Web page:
Cost of Cat Declawing

When Cat Declawing Might Be Considered:

Sometimes, declawing might be considered if a cat’s scratching is dangerous and nothing else works. However, the bad parts of declawing are usually more important than the good ones, so most people look for other ways.

Alternatives to Declawing Cats:

There are safer options to handle a cat’s scratching:

  1. Nail Trims: Cutting their nails often helps prevent damage.
  2. Nail Caps: These are soft covers that fit over the claws to make them less sharp.
  3. Scratching Posts: Put up posts and boards in places where your cat likes to scratch.
  4. Behavioral Training: Teach your cat it’s okay to scratch using treats and praise, and put things like double-sided tape where you don’t want them to scratch.
  5. Environmental Enrichment: Give your cat many toys and activities to keep them busy and reduce unwanted scratching.

These methods are kinder to cats and can help control their scratching without declawing them.

 Complications of Cat Declawing:

Declawing a cat is an extensive surgery done under general anesthesia, meaning the cat is asleep and doesn’t feel pain during the surgery. But declawing can cause several problems:

  1. Painful Recovery: The cat doesn’t feel pain during surgery, but recovering from it can be very painful.
  2. Long-Term Problems: Cats might feel ongoing pain or numbness in their paws. They might also get arthritis in their feet or chronic back pain as they grow older.
  3. Behavior Changes: After being declawed, some cats might start biting, stop using the litter box, or lick and chew their fur a        lot.
  4. Difficulty in Defense: Declawed cats can’t defend themselves well and are less likely to climb trees for safety.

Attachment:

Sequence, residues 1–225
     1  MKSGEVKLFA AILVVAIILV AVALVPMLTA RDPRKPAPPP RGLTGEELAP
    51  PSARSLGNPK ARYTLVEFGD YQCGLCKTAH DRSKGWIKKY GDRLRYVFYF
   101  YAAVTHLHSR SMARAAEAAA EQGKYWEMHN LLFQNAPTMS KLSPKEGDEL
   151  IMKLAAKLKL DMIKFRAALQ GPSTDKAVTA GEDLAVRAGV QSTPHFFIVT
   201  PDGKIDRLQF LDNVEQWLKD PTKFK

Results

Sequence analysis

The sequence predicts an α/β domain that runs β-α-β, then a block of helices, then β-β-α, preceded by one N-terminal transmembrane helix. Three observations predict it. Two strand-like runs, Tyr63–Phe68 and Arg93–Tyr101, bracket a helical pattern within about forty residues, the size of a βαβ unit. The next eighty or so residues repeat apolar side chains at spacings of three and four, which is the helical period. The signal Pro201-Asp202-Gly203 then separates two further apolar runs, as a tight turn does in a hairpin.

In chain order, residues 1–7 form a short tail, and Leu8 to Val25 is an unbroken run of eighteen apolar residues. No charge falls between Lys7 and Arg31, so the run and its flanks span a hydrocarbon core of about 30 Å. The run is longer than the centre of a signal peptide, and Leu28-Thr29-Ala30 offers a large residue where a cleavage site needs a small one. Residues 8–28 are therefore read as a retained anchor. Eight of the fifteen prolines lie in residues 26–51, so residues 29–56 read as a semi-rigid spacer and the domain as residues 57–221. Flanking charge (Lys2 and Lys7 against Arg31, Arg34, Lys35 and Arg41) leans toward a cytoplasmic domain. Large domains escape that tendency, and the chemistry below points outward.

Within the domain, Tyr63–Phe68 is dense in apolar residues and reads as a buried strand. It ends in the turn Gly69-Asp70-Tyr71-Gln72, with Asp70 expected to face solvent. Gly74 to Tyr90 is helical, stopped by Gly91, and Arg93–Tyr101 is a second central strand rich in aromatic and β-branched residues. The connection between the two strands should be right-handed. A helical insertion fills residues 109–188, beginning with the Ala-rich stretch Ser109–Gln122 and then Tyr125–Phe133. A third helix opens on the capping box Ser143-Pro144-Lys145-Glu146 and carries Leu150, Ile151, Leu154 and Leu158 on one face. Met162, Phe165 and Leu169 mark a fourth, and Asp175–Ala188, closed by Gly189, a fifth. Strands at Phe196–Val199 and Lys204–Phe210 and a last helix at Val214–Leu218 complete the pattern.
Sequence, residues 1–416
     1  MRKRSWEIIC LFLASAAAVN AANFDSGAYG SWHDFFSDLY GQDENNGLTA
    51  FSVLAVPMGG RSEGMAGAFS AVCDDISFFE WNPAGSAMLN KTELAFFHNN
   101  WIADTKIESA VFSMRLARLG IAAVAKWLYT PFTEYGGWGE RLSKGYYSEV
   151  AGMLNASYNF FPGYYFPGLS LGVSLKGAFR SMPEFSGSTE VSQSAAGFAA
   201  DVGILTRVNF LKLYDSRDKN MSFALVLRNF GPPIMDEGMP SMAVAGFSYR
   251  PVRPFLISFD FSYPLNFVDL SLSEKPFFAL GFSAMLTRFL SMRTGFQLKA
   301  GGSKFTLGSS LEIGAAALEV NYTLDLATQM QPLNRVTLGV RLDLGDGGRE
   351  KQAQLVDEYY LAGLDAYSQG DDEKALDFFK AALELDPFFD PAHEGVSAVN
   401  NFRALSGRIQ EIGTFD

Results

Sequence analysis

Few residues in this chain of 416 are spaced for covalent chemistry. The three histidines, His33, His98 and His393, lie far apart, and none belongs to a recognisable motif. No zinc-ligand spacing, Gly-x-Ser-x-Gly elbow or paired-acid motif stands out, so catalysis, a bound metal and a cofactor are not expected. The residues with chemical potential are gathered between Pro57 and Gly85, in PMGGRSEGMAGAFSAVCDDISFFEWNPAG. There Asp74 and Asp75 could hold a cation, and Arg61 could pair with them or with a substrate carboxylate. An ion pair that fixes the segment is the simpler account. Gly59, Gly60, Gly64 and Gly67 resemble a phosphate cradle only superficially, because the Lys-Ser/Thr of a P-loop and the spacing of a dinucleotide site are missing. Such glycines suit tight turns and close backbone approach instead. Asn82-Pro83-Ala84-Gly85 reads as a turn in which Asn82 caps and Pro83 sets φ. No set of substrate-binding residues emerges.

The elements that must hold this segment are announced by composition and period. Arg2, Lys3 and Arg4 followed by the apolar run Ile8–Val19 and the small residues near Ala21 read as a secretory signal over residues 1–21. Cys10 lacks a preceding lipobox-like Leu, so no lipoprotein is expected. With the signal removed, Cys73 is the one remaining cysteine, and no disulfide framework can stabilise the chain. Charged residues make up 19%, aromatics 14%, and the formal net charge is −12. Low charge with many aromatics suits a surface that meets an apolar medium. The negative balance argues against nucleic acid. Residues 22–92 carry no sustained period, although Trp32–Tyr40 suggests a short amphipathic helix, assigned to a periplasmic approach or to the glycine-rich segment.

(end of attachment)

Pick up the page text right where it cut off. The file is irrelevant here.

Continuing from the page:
Declawing can cause severe problems for a cat immediately and later in life, so it’s essential to consider these risks carefully.


Scratching vs. Declawing:

 Scratching is Essential: It’s a normal and healthy activity for cats.

 Declawing is Harmful: Removing parts of a cat’s toes can cause pain and other health problems.

Why Cats Scratch?

  1.  Natural Habit: Scratching lets cats stretch, shed old parts of their nails, and mark their area with their scent.
  2.  Good for Health: A cat that scratches is usually a happy and healthy cat.
  3. Concerns About Scratching:
  4.  Safety for People: Some people worry about getting scratched, especially if they have health conditions. But doctors usually recommend other solutions over declawing because bites can be worse than scratches.
  5.  Preventing Scratches:
      • Watch small children around cats.
      • Keep your cat calm.
      • Avoid petting too much, which can lead to scratches.

How to Manage Scratching?

  •  Get Help if Needed: If your cat scratches a lot or aggressively, you should get advice from a cat behaviorist.
  •  Provide Scratching Posts: Give your cat particular areas like posts or pads to scratch. This helps keep your furniture safe             and lets your cat scratch well.

Why Cats Need to Scratch?

  •  Health of Claws: Scratching helps cats keep their claws healthy by removing dead layers.
  •  Marking Territory: Scratching leaves a scent and a visible mark, showing others this is their space.
  •  Stretching: It helps them stretch and move their feet and claws properly.
  •  Communication: Cats scratch when they’re excited, or something is happening around them.

Teaching your cat where and how to scratch correctly is better than trying to stop them from scratching. This respects their natural behaviors and keeps them healthy and happy.